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|14:30, 11 December 2009||Theo10011||(Reply to Interview w/ John Lilly and Mitchell Baker)|
|21:13, 10 December 2009||JohnF||(Reply to Interview w/ John Lilly and Mitchell Baker)|
|06:00, 10 December 2009||Theo10011|
|05:59, 10 December 2009||Theo10011||(new additions)|
|05:30, 10 December 2009||Theo10011||(reply)|
|00:59, 10 December 2009||Eekim||(Whoops! Screwed up the link.)|
|00:58, 10 December 2009||Eekim|
User:JohnF just posted notes from his interview with Mozilla Foundation's John Lilly and Mitchell Baker (board members). There are some items in there on financial sustainability; I'd encourage you to give it a read and comment here.
I sat in on a Bridgespan interview with Mark Surman (executive director) of the Mozilla Foundation a few weeks ago, and I suspect we'll find those notes here soon as well.
Mozilla Foundation is definitely one interesting point of comparison for us.
I created a page about the Mozilla Foundation's Financial position and its comparison with Wikimedia Foundation from the state of Mozilla to accompany the interview . As always please feel free to edit and expand to it. I also expanded on the Mozilla Foundation page with information from the Mozilla Foundation's Wikipedia page and added some links.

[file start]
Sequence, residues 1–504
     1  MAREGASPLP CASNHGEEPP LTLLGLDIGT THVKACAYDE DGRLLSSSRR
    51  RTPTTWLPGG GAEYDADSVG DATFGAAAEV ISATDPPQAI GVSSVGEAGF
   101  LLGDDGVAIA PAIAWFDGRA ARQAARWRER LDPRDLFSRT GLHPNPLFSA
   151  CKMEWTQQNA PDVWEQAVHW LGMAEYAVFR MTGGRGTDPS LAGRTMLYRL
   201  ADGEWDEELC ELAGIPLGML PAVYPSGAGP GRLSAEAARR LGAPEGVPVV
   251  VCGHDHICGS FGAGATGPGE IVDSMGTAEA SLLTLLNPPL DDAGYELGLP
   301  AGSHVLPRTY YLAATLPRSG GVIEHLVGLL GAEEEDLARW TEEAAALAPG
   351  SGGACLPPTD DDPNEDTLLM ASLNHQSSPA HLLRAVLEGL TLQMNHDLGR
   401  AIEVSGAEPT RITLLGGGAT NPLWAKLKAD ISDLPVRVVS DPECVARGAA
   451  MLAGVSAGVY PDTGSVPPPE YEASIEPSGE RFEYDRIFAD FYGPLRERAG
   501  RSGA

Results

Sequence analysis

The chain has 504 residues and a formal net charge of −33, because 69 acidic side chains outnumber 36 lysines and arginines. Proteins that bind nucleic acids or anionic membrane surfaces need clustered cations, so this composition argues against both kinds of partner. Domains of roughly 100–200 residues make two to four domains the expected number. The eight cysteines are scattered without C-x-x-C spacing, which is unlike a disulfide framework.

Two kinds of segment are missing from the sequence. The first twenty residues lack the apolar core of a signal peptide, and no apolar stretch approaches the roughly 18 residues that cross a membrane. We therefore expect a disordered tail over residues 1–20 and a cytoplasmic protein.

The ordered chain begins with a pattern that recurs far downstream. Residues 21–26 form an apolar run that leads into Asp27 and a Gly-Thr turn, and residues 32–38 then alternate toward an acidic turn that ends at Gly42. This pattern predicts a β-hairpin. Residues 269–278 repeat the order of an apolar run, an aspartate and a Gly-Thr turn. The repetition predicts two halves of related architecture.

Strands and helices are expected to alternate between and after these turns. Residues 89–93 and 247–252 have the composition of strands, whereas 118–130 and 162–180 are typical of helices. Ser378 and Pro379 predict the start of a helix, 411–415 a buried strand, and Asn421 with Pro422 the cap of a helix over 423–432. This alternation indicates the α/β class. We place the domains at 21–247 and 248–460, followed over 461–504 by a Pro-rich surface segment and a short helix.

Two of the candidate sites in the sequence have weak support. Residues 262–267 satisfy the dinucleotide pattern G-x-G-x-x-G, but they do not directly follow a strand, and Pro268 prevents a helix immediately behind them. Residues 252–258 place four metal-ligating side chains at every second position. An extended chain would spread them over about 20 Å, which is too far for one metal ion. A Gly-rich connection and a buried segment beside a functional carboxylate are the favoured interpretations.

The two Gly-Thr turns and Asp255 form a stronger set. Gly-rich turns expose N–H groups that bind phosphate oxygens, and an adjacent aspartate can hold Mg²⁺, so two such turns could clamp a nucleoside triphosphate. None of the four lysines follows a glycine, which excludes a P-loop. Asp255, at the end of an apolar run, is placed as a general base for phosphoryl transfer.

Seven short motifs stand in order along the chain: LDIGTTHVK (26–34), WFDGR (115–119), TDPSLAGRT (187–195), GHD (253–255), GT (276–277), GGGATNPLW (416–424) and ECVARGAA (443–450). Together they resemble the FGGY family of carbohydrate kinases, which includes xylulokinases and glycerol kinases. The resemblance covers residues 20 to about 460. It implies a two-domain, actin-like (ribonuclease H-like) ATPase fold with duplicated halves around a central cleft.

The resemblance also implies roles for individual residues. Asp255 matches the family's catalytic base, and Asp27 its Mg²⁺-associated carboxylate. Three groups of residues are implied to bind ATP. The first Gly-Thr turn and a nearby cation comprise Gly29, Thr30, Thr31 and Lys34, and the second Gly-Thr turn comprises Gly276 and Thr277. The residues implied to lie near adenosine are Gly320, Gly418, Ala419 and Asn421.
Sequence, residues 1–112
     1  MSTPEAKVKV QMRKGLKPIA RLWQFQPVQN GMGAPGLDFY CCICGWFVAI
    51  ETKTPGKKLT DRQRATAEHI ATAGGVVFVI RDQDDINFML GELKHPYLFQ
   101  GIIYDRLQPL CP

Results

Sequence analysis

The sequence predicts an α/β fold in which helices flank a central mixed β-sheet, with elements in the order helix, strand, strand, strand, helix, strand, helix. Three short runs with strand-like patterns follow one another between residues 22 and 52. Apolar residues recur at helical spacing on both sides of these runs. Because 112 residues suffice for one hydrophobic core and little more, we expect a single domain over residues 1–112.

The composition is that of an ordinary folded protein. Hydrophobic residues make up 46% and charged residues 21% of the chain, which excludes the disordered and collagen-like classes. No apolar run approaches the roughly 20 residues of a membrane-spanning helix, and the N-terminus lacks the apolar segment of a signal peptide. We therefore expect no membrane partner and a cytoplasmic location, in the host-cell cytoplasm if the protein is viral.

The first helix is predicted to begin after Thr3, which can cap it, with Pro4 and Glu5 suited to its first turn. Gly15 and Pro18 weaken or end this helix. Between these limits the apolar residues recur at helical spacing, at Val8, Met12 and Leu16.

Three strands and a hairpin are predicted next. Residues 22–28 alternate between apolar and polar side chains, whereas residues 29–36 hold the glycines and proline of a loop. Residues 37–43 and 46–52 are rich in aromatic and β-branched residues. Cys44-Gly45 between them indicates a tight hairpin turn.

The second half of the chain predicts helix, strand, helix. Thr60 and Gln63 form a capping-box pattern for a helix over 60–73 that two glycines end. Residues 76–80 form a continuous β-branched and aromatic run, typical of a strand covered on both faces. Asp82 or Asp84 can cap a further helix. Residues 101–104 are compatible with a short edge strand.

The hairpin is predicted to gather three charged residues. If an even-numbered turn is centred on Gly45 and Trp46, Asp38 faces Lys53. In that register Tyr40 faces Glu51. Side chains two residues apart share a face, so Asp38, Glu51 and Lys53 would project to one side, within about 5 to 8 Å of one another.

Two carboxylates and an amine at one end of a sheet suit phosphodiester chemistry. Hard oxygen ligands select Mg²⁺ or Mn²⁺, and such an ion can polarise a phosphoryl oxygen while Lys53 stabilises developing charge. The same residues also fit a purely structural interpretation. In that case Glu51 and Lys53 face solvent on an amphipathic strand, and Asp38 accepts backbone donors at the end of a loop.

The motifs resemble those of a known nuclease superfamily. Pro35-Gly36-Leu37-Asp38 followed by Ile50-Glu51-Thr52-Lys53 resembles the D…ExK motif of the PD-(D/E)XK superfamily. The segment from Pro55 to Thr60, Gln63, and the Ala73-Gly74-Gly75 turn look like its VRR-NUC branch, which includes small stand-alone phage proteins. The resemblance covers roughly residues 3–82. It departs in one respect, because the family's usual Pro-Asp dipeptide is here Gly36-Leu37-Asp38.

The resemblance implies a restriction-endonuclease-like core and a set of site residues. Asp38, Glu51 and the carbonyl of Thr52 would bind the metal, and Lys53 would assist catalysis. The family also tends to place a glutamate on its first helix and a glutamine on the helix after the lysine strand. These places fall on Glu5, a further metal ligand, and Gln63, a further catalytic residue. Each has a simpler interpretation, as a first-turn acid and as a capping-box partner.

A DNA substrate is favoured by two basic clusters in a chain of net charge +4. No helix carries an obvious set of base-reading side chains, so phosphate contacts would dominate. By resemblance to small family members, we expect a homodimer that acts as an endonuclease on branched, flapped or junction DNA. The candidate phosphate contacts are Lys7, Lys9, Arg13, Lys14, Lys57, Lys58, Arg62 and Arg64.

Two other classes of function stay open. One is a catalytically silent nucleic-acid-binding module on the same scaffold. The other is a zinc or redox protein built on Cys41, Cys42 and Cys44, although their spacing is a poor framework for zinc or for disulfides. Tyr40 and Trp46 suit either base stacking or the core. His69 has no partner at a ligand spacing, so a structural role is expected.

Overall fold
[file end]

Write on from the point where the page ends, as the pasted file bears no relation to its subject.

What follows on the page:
I wanted to provide this TF with a quick summary of the points that seemed most relevant to this team's work:
- Mitchell and John noted that business partnerships that Mozilla has entered into (e.g., Google) have been successful and acceptable to the community largely because they have chosen partners closely aligned with Mozilla’s mission.
- John also noted that Mozilla's business deals do not impose a large number of obligations on the Foundation.
- Both also noted that many of the business agreements that arose came out of community desires. (For example, the community asked for a Russian search engine, and now, that search engine is the default instead of Google in Russian language builds.)
Please take a look at the notes for additional details, and let me know if you have any questions.
I just noticed the way Mozilla foundation is structured, Mozilla corporation was founded as a wholly owned subsidiary in 2005. Mr. Lilly and Ms. Baker serve as the current and former CEO and Chairperson for the Corporation. It was created especially to handle revenue related operations, since the foundation as a Non-profit is limited in terms and amounts of revenues it can handle. The corporation however, as a taxable entity gave the foundation a high degree of freedom. they also made this public- Any profits made by the Mozilla Corporation will be invested back into the Mozilla project. There will be no shareholders, no stock options will be issued and no dividends will be paid. The Mozilla Corporation will not be floating on the stock market and it will be impossible for any company to take over or buy a stake in the subsidiary. The Mozilla Foundation will continue to own the Mozilla trademarks and other intellectual property and will license them to the Mozilla Corporation.
Can a similar structure for the Wikimedia Foundation be more flexible.